In Soars v. Easter Seals Midwest, 563 S.W.3d 111 (Mo. banc 2018), the Missouri Supreme Court ordered that at-will employee’s case be arbitrated and denied the employee’s challenge to the validity of the arbitration agreement as a whole.
As a condition of employment with Easter Seals Midwest (ESM), a charitable organization, each new, at-will employee is required to sign an arbitration agreement. The arbitration agreement provides that, as consideration for employment, the employee will submit all disputes and claims arising out of the employment to binding arbitration. In turn, ESM also agrees to submit all disputes and claims arising out of the employment to binding arbitration. The ESM arbitration agreement also included a delegation clause providing that the arbitrator and not any court had the exclusive authority to resolve any dispute relating to the interpretation, applicability, enforceability or formation of the arbitration agreement.
Plaintiff Lewis Soars signed the arbitration agreement as a condition of his at-will employment with ESM, and three months later. ESM terminated his employment after he refused to participate in an internal investigation involving accusations against him of abuse or neglect of ESM’s clients. In response, he filed suit against ESM in circuit court for wrongful discharge and race discrimination. ESM filed a motion to compel arbitration. Plaintiff argued the arbitration agreement and delegation clause lacked consideration and mutuality and were unconscionable. The circuit court denied ESM’s Motion to Compel Arbitration, and the Court of Appeals affirmed.
The Supreme Court, however, reversed. It held that arbitration must be compelled if the parties signed an arbitration agreement that contains a valid delegation clause mandating that the arbitrator has “exclusive authority to decide threshold issues of interpretation, applicability, enforceability, or formation.” Whether or not the arbitration agreement as a whole is valid is for the arbitrator to determine so long as the delegation provision, standing alone, is valid. In this case, the Court found that in the delegation provision both parties mutually agreed to arbitrate all threshold questions of arbitrability. “Because neither ESM nor Soars retains any unilateral right to amend the delegation clause nor avoid its obligations, the delegation clause is bilateral in nature and consideration is present.”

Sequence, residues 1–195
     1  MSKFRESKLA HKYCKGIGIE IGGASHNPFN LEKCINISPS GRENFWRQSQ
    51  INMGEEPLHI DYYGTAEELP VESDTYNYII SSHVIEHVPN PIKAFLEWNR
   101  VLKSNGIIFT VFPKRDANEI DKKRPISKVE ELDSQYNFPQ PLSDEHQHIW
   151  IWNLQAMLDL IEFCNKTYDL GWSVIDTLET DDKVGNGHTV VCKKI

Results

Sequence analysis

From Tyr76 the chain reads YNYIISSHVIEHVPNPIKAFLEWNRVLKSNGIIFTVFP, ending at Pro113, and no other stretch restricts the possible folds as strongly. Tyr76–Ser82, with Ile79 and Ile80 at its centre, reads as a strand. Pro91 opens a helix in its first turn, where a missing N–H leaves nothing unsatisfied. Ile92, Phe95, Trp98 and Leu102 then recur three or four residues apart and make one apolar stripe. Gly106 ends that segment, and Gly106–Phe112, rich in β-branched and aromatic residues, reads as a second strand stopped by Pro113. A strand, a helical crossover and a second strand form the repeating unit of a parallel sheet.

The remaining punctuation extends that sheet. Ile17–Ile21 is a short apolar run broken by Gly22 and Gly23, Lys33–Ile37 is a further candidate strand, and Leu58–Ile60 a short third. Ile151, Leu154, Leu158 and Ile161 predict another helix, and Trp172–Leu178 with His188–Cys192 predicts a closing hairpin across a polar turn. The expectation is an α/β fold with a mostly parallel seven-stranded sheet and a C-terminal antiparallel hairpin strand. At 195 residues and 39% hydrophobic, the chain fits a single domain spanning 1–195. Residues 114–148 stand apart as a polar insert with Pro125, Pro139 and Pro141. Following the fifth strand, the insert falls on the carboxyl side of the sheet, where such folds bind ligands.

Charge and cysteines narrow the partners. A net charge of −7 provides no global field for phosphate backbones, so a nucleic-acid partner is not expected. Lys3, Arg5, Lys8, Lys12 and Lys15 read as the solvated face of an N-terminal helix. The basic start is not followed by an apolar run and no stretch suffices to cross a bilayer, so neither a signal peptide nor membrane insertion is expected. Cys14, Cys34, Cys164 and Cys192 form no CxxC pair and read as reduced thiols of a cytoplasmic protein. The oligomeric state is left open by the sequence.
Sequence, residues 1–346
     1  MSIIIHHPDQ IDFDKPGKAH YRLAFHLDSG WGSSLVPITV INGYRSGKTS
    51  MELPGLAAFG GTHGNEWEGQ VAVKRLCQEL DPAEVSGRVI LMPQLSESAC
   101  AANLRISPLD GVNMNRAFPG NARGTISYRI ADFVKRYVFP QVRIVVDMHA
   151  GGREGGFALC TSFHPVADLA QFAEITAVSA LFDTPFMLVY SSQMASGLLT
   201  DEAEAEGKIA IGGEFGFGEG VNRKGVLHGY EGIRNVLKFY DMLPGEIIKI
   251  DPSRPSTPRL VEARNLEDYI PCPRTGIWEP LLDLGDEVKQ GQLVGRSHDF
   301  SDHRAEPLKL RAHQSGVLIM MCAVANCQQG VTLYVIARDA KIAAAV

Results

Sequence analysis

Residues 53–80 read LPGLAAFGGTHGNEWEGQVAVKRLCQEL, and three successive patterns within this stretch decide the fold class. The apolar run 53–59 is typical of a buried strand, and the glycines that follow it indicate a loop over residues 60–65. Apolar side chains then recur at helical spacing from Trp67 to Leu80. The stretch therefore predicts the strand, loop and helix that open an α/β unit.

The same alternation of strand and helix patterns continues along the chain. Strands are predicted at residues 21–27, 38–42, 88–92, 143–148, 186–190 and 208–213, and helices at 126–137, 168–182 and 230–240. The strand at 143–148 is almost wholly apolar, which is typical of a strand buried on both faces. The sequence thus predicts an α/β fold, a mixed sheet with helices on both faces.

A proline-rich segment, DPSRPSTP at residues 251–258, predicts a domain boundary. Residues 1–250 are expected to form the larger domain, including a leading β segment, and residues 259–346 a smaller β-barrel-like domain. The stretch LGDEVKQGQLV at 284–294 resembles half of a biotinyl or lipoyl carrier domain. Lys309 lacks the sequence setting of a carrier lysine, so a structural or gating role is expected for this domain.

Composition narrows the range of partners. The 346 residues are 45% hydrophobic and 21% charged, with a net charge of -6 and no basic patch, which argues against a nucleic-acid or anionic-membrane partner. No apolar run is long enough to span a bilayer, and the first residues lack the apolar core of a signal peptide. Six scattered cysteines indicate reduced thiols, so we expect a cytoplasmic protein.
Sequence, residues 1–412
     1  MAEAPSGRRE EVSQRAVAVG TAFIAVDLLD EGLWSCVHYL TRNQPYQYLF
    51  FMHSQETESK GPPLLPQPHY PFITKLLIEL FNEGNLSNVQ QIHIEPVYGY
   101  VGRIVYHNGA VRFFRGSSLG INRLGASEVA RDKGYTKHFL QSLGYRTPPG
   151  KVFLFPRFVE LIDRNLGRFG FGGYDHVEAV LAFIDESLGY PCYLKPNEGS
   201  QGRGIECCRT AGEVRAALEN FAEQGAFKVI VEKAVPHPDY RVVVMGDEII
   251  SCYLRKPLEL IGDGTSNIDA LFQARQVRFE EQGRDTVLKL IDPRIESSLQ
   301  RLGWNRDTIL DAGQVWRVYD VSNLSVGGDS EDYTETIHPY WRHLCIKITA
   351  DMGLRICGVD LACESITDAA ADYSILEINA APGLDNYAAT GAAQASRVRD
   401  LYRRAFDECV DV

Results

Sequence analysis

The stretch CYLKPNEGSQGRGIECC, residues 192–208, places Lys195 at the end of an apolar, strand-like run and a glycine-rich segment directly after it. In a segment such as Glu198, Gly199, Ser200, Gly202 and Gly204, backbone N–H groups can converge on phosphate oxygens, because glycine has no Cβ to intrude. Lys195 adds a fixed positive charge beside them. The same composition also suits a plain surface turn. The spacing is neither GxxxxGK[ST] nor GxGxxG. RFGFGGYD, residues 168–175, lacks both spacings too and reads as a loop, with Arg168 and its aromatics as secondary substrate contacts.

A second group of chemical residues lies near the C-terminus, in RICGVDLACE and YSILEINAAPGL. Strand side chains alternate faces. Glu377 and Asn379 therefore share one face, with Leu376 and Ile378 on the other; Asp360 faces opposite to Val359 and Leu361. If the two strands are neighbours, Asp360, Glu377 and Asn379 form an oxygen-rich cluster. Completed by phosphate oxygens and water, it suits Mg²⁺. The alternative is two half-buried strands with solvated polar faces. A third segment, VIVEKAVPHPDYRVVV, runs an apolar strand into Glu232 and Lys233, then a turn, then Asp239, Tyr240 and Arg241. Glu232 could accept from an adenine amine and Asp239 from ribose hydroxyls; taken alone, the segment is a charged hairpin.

Significantly, and surprisingly, this is the Missouri Supreme Court’s first opinion holding that referral to an arbitrator should occur, notwithstanding a party’s challenge to the validity of the arbitration agreement as a whole. While the United States Supreme Court has made this same ruling numerous times over many decades, this was the Missouri Supreme Court’s first occasion to consider the issue.
Notably, the Court found that an initial offer of at-will employment was sufficient consideration for the contractual promise to arbitrate claims. This was a major point of disagreement for the dissenting justice, who would have concluded that the arbitration agreement was unenforceable because at-will employment, which by its very nature is no employment contract at all, can provide no legal consideration for the arbitration agreement. According to the dissent, because a fundamental component of the at-will employment relationship is the ability for either party to terminate the relationship at any time, there was no valid contract to support the arbitration agreement or the delegation provision.
Going forward, the majority’s decision should provide comfort to employers that, under Missouri law, their arbitration agreements with at-will new-hires are enforceable and may include provisions placing all claims and controversies into the hands, in the first instance, of the arbitrator, including all objections to the existence, interpretation, application, and enforceability of the arbitration agreement itself.